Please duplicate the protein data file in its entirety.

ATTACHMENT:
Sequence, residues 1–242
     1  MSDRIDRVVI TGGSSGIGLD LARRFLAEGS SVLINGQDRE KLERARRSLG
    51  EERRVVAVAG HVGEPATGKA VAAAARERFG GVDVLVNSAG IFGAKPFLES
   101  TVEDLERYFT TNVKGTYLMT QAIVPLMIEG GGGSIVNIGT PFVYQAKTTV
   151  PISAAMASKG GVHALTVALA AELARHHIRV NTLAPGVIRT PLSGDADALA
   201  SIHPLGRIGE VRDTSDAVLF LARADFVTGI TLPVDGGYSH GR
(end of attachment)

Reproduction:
Sequence, residues 1–242
     1  MSDRIDRVVI TGGSSGIGLD LARRFLAEGS SVLINGQDRE KLERARRSLG
    51  EERRVVAVAG HVGEPATGKA VAAAARERFG GVDVLVNSAG IFGAKPFLES
   101  TVEDLERYFT TNVKGTYLMT QAIVPLMIEG GGGSIVNIGT PFVYQAKTTV
   151  PISAAMASKG GVHALTVALA AELARHHIRV NTLAPGVIRT PLSGDADALA
   201  SIHPLGRIGE VRDTSDAVLF LARADFVTGI TLPVDGGYSH GR